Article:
Graven v. Arizona, State of et al

Filing 25

ORDER granting 7 and 11 Plaintiff's Motion to Amend/Correct; denying as moot 8 and 9 Plaintiff's Motions; granting 14 Defendants' Motion to Dismiss for Lack of Jurisdiction; denying as moot 20 Plaintiff's Motion for Judgment on the Pleadings; denying 22 Plaintiff's Motion for Hearing. The Clerk shall enter judgment accordingly. Signed by Judge G Murray Snow on 9/22/16. (DXD)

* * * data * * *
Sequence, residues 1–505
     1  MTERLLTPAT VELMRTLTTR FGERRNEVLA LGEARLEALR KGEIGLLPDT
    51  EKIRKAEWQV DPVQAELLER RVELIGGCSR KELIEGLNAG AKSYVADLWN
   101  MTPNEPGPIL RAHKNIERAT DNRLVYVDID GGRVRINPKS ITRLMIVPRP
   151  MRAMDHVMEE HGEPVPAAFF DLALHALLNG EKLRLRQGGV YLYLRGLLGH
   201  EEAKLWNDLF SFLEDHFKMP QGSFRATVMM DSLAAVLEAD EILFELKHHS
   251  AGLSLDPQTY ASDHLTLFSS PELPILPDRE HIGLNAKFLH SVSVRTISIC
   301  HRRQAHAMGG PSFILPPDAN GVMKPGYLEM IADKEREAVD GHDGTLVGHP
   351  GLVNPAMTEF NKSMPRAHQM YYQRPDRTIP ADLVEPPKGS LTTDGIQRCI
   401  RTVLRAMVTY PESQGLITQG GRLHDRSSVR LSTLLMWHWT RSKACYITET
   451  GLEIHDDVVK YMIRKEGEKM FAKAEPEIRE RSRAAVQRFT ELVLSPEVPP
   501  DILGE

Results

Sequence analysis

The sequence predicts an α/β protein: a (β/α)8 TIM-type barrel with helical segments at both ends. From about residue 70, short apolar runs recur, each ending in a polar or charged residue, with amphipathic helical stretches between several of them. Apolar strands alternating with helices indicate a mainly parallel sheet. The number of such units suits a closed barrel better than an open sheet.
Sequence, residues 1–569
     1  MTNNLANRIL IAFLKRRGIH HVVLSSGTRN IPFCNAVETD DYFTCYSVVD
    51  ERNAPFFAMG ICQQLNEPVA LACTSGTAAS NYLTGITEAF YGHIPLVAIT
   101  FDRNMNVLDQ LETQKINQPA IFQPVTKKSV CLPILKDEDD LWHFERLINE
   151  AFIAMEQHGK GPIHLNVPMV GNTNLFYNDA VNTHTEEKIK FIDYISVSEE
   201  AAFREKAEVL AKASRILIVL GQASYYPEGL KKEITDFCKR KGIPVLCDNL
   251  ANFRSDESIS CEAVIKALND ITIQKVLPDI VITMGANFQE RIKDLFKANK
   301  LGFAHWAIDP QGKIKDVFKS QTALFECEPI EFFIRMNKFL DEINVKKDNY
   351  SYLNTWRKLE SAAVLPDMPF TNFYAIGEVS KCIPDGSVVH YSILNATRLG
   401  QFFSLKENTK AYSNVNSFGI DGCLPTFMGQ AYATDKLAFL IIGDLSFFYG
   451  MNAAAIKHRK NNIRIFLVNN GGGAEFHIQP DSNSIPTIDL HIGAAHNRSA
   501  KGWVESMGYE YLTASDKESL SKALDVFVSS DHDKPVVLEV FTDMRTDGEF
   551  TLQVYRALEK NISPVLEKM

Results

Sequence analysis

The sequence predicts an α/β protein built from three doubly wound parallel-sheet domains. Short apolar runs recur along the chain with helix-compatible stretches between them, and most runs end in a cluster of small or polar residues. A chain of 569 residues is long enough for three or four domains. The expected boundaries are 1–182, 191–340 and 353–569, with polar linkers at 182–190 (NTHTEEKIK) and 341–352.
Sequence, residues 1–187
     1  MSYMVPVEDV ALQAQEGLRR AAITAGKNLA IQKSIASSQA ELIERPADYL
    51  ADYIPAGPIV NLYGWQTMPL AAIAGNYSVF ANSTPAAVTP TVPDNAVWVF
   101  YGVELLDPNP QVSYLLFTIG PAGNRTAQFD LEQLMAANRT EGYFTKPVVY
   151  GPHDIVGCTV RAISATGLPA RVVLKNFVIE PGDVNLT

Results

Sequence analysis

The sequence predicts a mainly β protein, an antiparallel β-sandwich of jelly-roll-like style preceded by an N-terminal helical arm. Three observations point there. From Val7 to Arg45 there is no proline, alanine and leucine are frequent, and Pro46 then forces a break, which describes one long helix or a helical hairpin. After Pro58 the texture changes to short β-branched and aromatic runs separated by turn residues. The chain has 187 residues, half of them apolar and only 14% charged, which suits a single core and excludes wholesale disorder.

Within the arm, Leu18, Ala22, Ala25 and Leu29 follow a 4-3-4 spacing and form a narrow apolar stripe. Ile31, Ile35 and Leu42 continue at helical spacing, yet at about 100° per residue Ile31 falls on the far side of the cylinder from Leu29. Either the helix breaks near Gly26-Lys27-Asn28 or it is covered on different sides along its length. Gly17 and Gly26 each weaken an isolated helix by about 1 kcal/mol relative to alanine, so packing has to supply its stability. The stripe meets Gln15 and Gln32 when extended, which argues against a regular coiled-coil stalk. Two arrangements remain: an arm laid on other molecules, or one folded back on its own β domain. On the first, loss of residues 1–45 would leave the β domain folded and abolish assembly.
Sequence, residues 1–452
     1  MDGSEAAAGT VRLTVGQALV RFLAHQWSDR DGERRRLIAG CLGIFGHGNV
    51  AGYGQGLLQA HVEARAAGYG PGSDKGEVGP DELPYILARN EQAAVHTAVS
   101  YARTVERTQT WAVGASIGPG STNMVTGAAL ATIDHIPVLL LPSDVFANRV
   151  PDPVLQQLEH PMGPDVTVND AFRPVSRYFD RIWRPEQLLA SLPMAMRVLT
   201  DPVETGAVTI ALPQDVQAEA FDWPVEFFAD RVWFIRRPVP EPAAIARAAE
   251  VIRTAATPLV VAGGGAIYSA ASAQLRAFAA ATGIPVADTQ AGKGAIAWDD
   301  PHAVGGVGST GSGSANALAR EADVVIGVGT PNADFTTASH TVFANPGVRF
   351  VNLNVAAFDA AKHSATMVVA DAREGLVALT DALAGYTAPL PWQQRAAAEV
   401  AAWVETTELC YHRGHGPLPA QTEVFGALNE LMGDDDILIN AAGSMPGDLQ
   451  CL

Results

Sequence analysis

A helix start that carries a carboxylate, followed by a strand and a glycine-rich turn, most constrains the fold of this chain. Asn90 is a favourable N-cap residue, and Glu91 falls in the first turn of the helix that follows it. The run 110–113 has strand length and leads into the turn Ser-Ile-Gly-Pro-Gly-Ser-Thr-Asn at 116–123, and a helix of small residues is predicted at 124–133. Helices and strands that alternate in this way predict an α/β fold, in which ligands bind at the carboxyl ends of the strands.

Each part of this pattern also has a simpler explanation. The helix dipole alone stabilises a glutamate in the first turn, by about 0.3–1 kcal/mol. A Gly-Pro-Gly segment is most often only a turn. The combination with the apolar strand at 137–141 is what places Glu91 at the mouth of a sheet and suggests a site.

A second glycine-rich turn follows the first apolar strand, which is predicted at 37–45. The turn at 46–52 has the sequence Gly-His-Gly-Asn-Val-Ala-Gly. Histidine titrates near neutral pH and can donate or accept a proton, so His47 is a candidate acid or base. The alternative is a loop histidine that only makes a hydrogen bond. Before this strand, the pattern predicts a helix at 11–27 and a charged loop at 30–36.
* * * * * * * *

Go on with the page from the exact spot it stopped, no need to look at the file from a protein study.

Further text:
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1 WO 2 3 4 5 6 IN THE UNITED STATES DISTRICT COURT 7 FOR THE DISTRICT OF ARIZONA 8 9 William A. Graven, Plaintiff, 10 11 ORDER v. 12 No. CV-16-01249-PHX-GMS State of Arizona, et al., 13 Defendants. 14 15 16 Pending before the Court is Defendants State of Arizona, et al.’s motion to dismiss. (Doc. 14.) For the following reasons, the Court grants the motion.1 BACKGROUND 17 18 Plaintiff claims that he suffered a “catastrophic business failure” after a “pervasive 19 internal criminal enterprise [was] formed and operated [between] several of [Plaintiff’s] 20 executives,” and attorneys from the law firm of Snell & Wilmer. (Compl. ¶¶ 36, 44, 47, 21 50–52, Ex. 6.)2 After the Special Investigations Section of the Attorney General’s Office 22 reviewed Plaintiff’s allegations, a formal case was opened on June 16, 2012. (Id. ¶¶ 38– 23 39.) To date, nine of Plaintiff’s former employees “have been indicted or negotiated pre- 24 25 26 27 1 Defendant does not contest Plaintiff’s motions to correct, (Docs. 7, and 11). Those motions are thus granted without objection. Plaintiff’s motion for declaration of effective service, (Doc. 8), motion for effective service (Doc. 9), and requests for judicial notice (Docs. 10 and 12), are denied as moot. 2 28 On a motion to dismiss the Court may consider documents that are attached to the complaint “without converting the motion to dismiss into a motion for summary judgment.” Lee v. City. of L.A., 250 F.3d 668, 688 (9th Cir. 2001). 1 indictment plea agreements, in five criminal cases for 60 felony counts.” (Id. ¶ 43.) The 2 Attorney General, however, brought no criminal charges against Snell & Wilmer. (Id. 3 ¶¶ 56–58.) 4 Michael Bailey and Chief of the Criminal Division Don Conrad who explained that 5 “Snell & Wilmer[‘s conduct] . . . did not rise to the level of being criminal.” (Id. ¶¶ 79– 6 80.) 7 indictments against third persons constitutes a violation of his rights under the Fifth and 8 Fourteenth Amendments to the United States Constitution, and also constitute the state 9 law torts of selective prosecution, selective enforcement, prosecutorial misconduct, 10 conspiracy to commit prosecutorial misconduct, and abuse of prosecutorial discretion. 11 (Id. ¶¶ 112–146.) On December 14, 2015, Plaintiff met with Assistant Attorney General Plaintiff’s Complaint alleges that the Defendants’ refusal to seek criminal 12 13 DISCUSSION I. Legal Standard 14 The lack of subject matter jurisdiction may be raised at any time by the parties or 15 the Court. See Fed. R. Civ. P. 12(h)(3); Augustine v. United States, 704 F.2d 1074, 1077 16 (9th Cir. 1983). 17 To survive dismissal for failure to state a claim pursuant to Rule 12(b)(6), a 18 complaint must contain more than “labels and conclusions” or a “formulaic recitation of 19 the elements of a cause of action;” it must contain factual allegations sufficient to “raise 20 a right to relief above the speculative level.” Bell Atl. Corp. v. Twombly, 550 U.S. 544, 21 555 (2007). While “a complaint need not contain detailed factual allegations . . . it must 22 plead ‘enough facts to state a claim to relief that is plausible on its face.’” Clemens v. 23 DaimlerChrysler Corp., 534 F.3d 1017, 1022 (9th Cir. 2008) (quoting Twombly, 550 24 U.S. at 570). “A claim has facial plausibility when the plaintiff pleads factual content 25 that allows the court to draw the reasonable inference that the defendant is liable for the 26 misconduct alleged.” Ashcroft v. Iqbal, 556 U.S. 662, 678 (2009) (citing Twombly, 550 27 U.S. at 556). 28 /// -2- 1 When analyzing a complaint for failure to state a claim under Rule 12(b)(6), “[a]ll 2 allegations of material fact are taken as true and construed in the light most favorable to 3 the nonmoving party.” Smith v. Jackson, 84 F.3d 1213, 1217 (9th Cir. 1996). However, 4 legal conclusions couched as factual allegations are not given a presumption of 5 truthfulness, and “conclusory allegations of law and unwarranted inferences are not 6 sufficient to defeat a motion to dismiss.” Pareto v. FDIC, 139 F.3d 696, 699 (9th Cir. 7 1998). 8 II. 9 Analysis The Eleventh Amendment acts as a limit on federal subject matter jurisdiction. 10 Demery v. Kupperman, 735 F.2d 1139, 1149 n.8 (9th Cir. 1984). 11 Amendment prohibits federal courts from hearing suits brought against an unconsenting 12 state.” Brooks v. Sulphur Springs Valley Elec. Coop., 951 F.2d 1050, 1053 (9th Cir. 13 1991). State agencies are also immune under the Eleventh Amendment from private 14 actions or suits for injunctive relief in federal court. Mitchell v. L.A. Cmty. Coll. Dist., 15 861 F.2d 198, 201 (9th Cir. 1988). Additionally, the Eleventh Amendment bars damages 16 suits against state officials in their official capacities. Will v. Mich. Dep’t of State Police, 17 491 U.S. 58, 71 (1989). Here, Plaintiff’s complaint in its entirety is barred by the 18 Eleventh Amendment.3 “The Eleventh 19 Plaintiff’s complaint also fails to state a claim that is plausible on its face. As an 20 initial matter, Plaintiff’s complaint is comprised almost entirely of legal conclusions, 21 which are erroneous. Plaintiff does not cite to any legal authority that suggests that he 22 has a federal right to have third parties criminally prosecuted by state officials. Nor does 23 Plaintiff cite any authority that would allow him to bring a state law claim against state 24 officials for their failure to criminally prosecute third persons that he believes should be 25 prosecuted. 26 immunity from damages liability for actions ‘intimately associated with the judicial phase In fact, it is axiomatic that “criminal prosecutors may claim absolute 27 28 3 Plaintiff explicitly asserted in his briefings that he sought to sue the individually named defendants in their official capacity and not as individuals. (See Doc. 8 at 2.) -3- 1 of the criminal process,’ such as the prosecutor’s initiation of a prosecution and 2 presentation of the state’s case.” Torres v. Goddard, 793 F.3d 1046, 1051 (9th Cir. 2015) 3 (quoting Imbler v. Pachtman, 424 U.S. 409, 430 (1976)). 4 immunity is meant to protect[ ] the prosecutor from harassing litigation that would divert 5 his time and attention from his official duties’ and to enabl[e] him to exercise 6 independent judgment when deciding which suits to bring and in conducting them in 7 court.” Id. (internal quotation marks and citation omitted). Here, Plaintiff’s claims assert 8 an infringement of his rights based on the Defendants’ decision not to prosecute third- 9 party individuals. The pertinent actions of the Defendants being challenged here were the 10 actions of an advocate of the state determining whether to bring charges, not the actions 11 of an administrator or an investigator; thus, Defendants’ actions are entitled to absolute 12 immunity. Id. To the extent the Plaintiff names other non-prosecutors as defendants in 13 his Complaint, he sets forth no plausible allegations suggesting that they have deprived 14 him of a right under federal law or state law. “Absolute prosecutorial 15 Accordingly, Defendants’ motion to dismiss is granted. 16 IT IS THEREFORE ORDERED: 17 1. Plaintiff’s motions to amend (Docs. 7, 11) are GRANTED. 18 2. Plaintiff’s motion for declaration of effective service (Doc. 8) is DENIED 19 as moot. 20 3. Plaintiff’s motion for effective service (Doc. 9) is DENIED as moot. 21 4. Defendants’ motion to dismiss (Doc. 14) is GRANTED. 22 5. Plaintiff’s motion for judgment on the pleadings4 (Doc. 20) is DENIED as 23 moot. 24 /// 25 /// 26 27 28 4 Plaintiff framed his response to Defendants’ motion to dismiss as a motion for judgment on the pleadings. (See Doc. 20.) As a result, the brief triggered a new pending motion for judgment on the pleadings. The Court only addresses and rules upon Defendants’ motion to dismiss. (Doc. 14.) -4- 1 6. Plaintiff’s motion for hearing (Doc. 22) is DENIED. 2 7. The Clerk of Court is directed to enter judgment accordingly. 3 Dated this 22nd day of September, 2016. 4 5 6 Honorable G. Murray Snow United States District Judge 7 8 9 10 11 12 13 14 15 16 17 18 19 20 21 22 23 24 25 26 27 28 -5-